Art Gallery of Western Australia (AGWA) Perth, WA
Nov 2022 to Apr 2023
An island nation forgotten to time,
culture spanning thousands of years, and the offering of a carefree and balanced way of life...
Official Coat of Arms
Yeahnahnesia “a fictional tropical land” was born as a response to the rather gloomy state of current world events: - An imagined universe populated by bizarre and irreverent deities, creatures and shrines; A culmination of experiences, cultures, morals and values we hold close to our hearts that have come from years of travelling around the globe.
“Temple of Frivolous Wishes” Sketch
The Temple of Frivolous Wishes, together with its many artefacts were beautifully restored and brought to display at the Art Gallery of Western Australia (AGWA), for the first time ever, with permission from the Yeahnah elders. Yok & Sheryo were entrusted by the island’s cultural custodians to spread the Yeahnahnesian philosophy of life to the world.
Yeahnahnesian Philosophy of Life
Squandering time and going with the flow is a national pastime. The Yeahnah elders believe that the quality of time is a more important measure of time than hours and minutes.
It is generally unwise to disobey
these integrities, if you want your peers to take you seriously.
The “Temple of Frivolous Wishes is a central gathering place where locals meet for prayer and the granting of frivolous wishes, this temple provides shelter from the swelter and maintains a good supply of middys, chiko rolls and bengbengs.
1. Made from white limestone endemic to the area, this temple is a prime specimen of classic Yeahnah architecture. It is appreciated for its many sculptural elements, totems and ornate embroidered flags.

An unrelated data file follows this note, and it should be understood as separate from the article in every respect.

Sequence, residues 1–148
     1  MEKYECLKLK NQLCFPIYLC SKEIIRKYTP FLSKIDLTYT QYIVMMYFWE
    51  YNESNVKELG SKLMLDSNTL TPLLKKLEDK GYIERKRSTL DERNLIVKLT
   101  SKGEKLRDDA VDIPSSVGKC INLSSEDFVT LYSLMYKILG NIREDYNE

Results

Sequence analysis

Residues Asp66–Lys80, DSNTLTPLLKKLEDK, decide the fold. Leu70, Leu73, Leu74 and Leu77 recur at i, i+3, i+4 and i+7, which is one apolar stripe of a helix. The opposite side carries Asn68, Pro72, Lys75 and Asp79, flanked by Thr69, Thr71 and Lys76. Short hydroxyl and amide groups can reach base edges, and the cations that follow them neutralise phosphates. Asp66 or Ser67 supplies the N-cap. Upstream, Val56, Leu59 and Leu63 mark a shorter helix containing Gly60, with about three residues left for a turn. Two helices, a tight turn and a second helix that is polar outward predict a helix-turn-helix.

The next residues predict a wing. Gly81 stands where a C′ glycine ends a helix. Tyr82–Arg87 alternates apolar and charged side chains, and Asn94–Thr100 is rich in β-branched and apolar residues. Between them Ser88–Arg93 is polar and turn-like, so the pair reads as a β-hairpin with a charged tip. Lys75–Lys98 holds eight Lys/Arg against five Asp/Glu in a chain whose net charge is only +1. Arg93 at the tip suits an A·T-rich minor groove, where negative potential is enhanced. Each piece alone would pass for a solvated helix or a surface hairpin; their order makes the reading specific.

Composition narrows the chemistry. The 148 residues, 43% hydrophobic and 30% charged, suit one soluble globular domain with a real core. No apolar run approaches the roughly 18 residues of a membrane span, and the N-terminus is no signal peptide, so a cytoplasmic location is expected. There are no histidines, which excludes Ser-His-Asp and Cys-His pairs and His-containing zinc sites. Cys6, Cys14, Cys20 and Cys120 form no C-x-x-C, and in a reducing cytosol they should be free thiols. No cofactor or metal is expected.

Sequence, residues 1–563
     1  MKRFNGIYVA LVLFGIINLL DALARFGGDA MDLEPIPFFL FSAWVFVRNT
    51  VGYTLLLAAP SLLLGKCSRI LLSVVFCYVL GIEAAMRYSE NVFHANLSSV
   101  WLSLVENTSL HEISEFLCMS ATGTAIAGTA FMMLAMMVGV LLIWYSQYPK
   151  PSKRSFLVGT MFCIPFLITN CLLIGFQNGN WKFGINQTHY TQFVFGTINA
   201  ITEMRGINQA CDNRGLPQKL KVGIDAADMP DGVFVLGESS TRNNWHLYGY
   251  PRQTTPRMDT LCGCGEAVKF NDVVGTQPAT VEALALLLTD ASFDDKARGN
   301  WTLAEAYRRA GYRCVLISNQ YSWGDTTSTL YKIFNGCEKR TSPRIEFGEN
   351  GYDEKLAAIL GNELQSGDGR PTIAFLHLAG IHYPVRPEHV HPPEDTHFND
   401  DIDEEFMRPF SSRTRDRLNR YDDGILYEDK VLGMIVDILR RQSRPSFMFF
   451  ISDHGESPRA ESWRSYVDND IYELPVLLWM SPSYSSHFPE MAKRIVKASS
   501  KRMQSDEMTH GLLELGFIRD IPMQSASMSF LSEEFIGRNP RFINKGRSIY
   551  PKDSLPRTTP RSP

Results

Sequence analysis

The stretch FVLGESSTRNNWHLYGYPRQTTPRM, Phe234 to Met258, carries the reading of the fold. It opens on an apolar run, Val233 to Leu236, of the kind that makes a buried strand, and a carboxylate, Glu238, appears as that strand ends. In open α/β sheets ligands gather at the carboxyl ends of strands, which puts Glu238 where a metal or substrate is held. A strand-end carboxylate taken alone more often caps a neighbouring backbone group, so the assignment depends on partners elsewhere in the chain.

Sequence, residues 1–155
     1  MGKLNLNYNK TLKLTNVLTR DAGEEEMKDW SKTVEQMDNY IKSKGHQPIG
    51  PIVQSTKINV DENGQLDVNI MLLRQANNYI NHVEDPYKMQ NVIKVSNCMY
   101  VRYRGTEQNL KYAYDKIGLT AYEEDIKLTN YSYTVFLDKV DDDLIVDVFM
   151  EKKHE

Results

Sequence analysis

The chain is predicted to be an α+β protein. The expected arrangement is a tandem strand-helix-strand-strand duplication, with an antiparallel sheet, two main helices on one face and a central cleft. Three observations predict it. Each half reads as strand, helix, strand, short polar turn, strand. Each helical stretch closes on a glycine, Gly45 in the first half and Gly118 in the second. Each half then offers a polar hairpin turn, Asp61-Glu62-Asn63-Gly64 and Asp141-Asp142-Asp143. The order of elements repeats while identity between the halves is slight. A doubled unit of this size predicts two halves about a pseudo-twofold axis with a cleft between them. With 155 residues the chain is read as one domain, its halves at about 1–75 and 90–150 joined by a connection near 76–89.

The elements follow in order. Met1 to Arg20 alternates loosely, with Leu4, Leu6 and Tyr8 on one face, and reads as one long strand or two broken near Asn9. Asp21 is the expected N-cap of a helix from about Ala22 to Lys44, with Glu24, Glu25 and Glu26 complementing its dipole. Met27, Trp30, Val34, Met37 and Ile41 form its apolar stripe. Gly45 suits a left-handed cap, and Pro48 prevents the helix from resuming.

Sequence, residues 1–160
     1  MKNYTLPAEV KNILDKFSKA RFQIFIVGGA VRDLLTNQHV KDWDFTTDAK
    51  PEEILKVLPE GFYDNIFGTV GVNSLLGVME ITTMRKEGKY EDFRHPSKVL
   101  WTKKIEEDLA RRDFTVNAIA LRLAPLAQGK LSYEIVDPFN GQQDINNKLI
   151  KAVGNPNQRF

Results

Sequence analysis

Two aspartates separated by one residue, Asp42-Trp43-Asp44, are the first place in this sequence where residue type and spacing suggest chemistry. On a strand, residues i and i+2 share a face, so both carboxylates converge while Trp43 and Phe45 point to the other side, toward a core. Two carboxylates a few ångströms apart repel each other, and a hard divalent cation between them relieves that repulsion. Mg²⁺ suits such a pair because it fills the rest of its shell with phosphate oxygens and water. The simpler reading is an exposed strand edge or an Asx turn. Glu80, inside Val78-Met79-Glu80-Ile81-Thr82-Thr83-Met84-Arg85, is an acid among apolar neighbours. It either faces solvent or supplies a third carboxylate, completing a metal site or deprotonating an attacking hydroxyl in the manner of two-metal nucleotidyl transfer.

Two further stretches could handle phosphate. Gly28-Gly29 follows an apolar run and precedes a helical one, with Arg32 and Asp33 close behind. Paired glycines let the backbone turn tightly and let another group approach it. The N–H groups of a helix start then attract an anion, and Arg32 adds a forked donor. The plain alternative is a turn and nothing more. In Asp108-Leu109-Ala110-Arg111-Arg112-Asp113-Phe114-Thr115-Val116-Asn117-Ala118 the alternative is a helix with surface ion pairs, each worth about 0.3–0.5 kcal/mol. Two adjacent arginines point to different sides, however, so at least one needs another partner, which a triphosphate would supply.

2. It was thought to be built at the height of the Yeahnah kingdom in the early 12th century, but the exact date of creation is unsure due to the blurry record keeping owing to the island’s large amount of psychotropic plant life.
3. The temple and its curious objects featured on its sacred grounds hint at the animistic belief systems of Yeahnahnesia.
4. This idea sees all objects as vessels with plants, totems and creatures all having desires and intentions that impact upon the world.
At the back of the temple lies the “Cabin of Maximum Luxuriation” It aligns with the morning sun and the spring equinox, the 4 pillars face north, south, east and west, providing a great forecast for the incoming wind and swell. Surf checks, ding repairs, arts & crafts, yoga and meditation sessions permeate the walls of this establishment.
Yeahnah-isms are belief systems that Yeahnahnesians hold high in their daily lives. These are usually expressed in flags, which represent a moral or value, sometimes in the form of a proverb.
Artefacts of Significance
Immigration Booth & Passports
Behind the scenes